Mark Benham, winner of the Pink Lady Food Photographer of the Year competition 2016, explains why you don’t need perfect light to win big
I was flabbergasted to be named the overall winner of the Pink Lady Food Photographer of the Year competition 2016. I had actually entered the competition for the first time in 2015. I’d previously seen the exhibition of past winners in Bath in 2014, and thought there was an interesting mix of work. The competition seemed very approachable, not too highbrow, so I vowed to enter. Much to my delight, I won my category, Food for Celebration, in 2015, despite entering only one image. That inspired me to enter again this year – and it looks like it paid off!
I worked as a graphic designer in Bath until 1999. Then, for the next 10 years, I was self-employed as a design consultant. I took a year out in 1994 to travel, armed with a Minolta compact camera and several sketch books. I took something like 1,000 shots on 35mm slide film.
Over the years, I got myself a better camera and immersed myself into photography. I had experience working with studio-based photographers, art directing and sometimes styling shoots. I’ve dedicated myself to photography since 1999, shooting documentary, travel portraits and events. Although much of my work is self-initiated, I’ve had many photographic commissions for overseas clients, UK charities and museums, PR companies and magazines.
My 2016 Pink Lady Food Photographer of the Year winning image (right) is of Duncan Glendinning, an artisan eco-friendly baker who runs The Thoughtful Bread Company in Bath. I took this shot while Duncan was doing a double shift. I spent the whole day with him and two other bakers in the basement of their shop. People buying the bread and cakes don’t realise what these guys have to go through to make them.
By around 4pm I was hot and tired, and it was time to pack up. But before leaving, I asked Duncan if we could do some fun shots – something more animated. He’d been rolling dough, when I asked him to throw in loads of flour – and that’s how this winning shot came about.
The conditions in the basement were less than ideal, but on one side of the room was an area with a clean background and stainless-steel front to the ovens. I used entirely natural light down there. I’d originally planned to use flash, but my new flashgun was sticking so I just gave up.
I hiked the ISO on my trusty EOS 5D Mark II to 2,000 to cope. I used the best lens in the world, in my opinion, the Canon EF 50mm f/1.8. It’s sharp and as light as a feather, and you can get it for under £100. I don’t have a lot of money to throw around these days, so I like to get the most from my existing kit. You could say this shot was taken in less than perfect conditions and light, with an inexpensive lens. Maybe that’s a lesson for photographers who get sucked into the hype of buying the latest expensive kit.
The shutter speed was 1/640sec at f/4.5, using single-point AF. I shot in aperture-priority mode as I needed a degree of automation owing to the speed at which I was working. The fact that this shot has done so well sums up the beauty of photography for me. I took 25-30 shots from this session, but this was the strongest. I entered 10 other images into the contest, two of which were shortlisted and one highly commended.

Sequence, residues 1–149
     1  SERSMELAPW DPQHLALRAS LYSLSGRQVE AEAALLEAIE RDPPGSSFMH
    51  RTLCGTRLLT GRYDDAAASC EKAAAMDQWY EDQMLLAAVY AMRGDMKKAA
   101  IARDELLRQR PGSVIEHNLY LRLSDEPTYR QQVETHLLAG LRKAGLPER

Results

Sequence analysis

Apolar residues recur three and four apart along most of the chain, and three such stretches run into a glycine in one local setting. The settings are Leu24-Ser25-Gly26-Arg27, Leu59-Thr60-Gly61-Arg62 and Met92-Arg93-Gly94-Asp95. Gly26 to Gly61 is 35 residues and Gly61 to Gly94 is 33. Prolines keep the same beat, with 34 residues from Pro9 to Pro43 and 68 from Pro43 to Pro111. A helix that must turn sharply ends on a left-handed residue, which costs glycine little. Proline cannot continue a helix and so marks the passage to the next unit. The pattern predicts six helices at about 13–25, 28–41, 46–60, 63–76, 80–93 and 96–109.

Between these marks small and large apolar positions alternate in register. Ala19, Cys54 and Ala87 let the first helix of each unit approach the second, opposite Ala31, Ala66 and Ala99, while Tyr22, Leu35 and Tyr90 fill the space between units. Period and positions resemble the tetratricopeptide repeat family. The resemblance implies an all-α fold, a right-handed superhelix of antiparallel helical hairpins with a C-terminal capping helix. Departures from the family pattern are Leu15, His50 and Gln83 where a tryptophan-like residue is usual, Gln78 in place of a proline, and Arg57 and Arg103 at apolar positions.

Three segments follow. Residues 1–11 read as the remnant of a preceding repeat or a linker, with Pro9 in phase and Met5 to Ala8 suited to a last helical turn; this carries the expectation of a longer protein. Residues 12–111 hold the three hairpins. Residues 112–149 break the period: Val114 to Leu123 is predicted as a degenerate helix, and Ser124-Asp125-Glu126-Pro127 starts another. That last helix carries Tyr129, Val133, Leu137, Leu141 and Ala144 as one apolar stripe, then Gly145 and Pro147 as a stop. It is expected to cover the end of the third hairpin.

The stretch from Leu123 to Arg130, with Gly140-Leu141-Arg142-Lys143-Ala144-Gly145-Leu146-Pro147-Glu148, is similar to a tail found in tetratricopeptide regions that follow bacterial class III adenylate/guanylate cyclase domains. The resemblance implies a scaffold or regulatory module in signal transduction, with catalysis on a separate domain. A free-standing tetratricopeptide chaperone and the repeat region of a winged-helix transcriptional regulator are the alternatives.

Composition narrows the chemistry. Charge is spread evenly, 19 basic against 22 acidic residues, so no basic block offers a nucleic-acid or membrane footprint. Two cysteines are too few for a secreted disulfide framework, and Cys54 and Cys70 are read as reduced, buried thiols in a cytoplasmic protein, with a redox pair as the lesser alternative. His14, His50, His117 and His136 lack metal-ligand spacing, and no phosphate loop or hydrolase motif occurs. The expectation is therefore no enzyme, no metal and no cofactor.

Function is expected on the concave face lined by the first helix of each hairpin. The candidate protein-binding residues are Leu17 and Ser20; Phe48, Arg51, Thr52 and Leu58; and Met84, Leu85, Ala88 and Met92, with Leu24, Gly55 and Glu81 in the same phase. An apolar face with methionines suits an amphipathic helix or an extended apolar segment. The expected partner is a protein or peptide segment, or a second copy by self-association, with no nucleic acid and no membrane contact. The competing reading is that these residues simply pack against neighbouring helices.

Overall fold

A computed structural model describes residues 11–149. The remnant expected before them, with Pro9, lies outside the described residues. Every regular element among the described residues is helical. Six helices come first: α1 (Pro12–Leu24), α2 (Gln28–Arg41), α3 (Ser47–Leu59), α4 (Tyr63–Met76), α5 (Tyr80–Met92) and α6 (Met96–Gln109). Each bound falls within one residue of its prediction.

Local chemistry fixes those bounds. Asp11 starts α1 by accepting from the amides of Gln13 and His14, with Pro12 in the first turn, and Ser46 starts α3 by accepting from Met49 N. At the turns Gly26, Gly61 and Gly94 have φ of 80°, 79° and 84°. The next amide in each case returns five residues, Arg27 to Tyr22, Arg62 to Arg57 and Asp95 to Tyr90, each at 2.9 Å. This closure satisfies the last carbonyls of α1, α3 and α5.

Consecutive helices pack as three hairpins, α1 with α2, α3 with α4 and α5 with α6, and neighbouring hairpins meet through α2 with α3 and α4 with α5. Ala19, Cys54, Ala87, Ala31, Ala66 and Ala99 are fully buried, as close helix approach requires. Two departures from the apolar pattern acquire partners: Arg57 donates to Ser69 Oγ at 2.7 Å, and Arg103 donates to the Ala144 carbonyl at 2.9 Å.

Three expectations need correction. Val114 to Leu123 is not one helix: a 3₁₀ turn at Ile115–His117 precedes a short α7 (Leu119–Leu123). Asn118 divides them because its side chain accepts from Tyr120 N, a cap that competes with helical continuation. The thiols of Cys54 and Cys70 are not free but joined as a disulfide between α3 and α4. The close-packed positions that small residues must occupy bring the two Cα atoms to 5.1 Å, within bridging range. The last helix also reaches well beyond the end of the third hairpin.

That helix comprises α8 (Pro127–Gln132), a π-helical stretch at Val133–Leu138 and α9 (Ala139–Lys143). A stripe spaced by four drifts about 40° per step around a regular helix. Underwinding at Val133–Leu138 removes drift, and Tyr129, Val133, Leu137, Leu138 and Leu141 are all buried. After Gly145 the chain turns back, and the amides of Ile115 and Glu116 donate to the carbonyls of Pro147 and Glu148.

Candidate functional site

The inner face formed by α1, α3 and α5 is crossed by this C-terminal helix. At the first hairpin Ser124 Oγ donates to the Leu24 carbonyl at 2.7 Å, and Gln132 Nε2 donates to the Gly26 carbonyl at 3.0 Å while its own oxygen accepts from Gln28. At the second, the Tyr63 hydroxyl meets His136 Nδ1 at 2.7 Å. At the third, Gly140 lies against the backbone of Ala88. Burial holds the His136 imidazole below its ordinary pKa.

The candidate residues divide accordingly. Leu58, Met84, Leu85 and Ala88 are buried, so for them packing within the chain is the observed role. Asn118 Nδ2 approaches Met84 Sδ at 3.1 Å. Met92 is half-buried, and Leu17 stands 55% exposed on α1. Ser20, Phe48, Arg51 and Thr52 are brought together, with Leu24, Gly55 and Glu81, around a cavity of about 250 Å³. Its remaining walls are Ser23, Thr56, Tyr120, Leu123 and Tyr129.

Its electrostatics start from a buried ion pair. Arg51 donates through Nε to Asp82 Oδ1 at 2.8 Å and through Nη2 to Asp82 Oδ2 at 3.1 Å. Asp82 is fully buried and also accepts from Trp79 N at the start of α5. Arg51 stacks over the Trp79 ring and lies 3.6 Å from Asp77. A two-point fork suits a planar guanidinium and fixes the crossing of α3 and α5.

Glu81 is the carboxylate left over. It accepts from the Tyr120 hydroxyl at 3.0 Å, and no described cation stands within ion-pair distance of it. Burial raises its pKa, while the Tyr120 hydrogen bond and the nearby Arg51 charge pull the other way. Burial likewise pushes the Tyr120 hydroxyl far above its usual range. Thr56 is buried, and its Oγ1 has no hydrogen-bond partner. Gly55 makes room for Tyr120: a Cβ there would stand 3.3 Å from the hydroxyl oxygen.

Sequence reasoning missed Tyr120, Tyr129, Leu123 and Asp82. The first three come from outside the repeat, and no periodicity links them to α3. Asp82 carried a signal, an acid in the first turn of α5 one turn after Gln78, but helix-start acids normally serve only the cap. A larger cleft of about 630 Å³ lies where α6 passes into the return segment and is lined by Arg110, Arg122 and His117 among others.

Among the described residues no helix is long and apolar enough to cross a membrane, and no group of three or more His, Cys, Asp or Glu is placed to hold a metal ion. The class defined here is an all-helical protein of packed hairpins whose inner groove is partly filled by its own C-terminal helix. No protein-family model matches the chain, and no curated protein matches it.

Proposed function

Like most photographers, I am very careful about how I post-process. I like to keep all the original features. I guess I’m a bit of a purist. I edited the image in Adobe Camera Raw, first adjusting the lens profile and boosting the clarity, vibrance and contrast. Owing to the light, or lack of it, I needed to up the whites in this image. Then I took it as a TIFF into Photoshop, and used simple adjustment layers. I played with the curves and the brightness, edited selective colours, dodged and burned, and did some sharpening.
I’ll probably enter the competition again. I’ve noticed that the past three winners have all been of food in action. I wonder if it will go a different way next year, but I guess food in action draws you in. It’s hard to second-guess the judges, but I think they look for something that really stands out.
Take David Griffen’s slightly politically incorrect street cook smoking, which won the competition last year. As well as action, there needs to be that stand-out factor to get your image noticed.
I’m now trying to work out how best to use my win to promote my other work. I love travel photography and a lot of it is quite instinctive. I’ll shoot anything that appeals to me, and I am led in certain directions for a reason – I need to find out what this reason is.
I also do a lot of work with a charity called People Against Poverty, and I have been with them to Nepal and Romania. I don’t get paid, but I see it as helping them, which might lead to other projects that are, hopefully, paid!
Mark is a Bath-based photographer who specialises in travel, documentary and food photography. His clients have included the Royal Óbidos Spa and Golf Resort in Portugal, the Holburne Museum in Bath, People Against Poverty, Impact PR and The Bath Magazine. For full details visit www.markbenham.co.uk. For details of Pink Lady Food Photographer of the Year competition, visit www.pinkladyfoodphotographeroftheyear.com.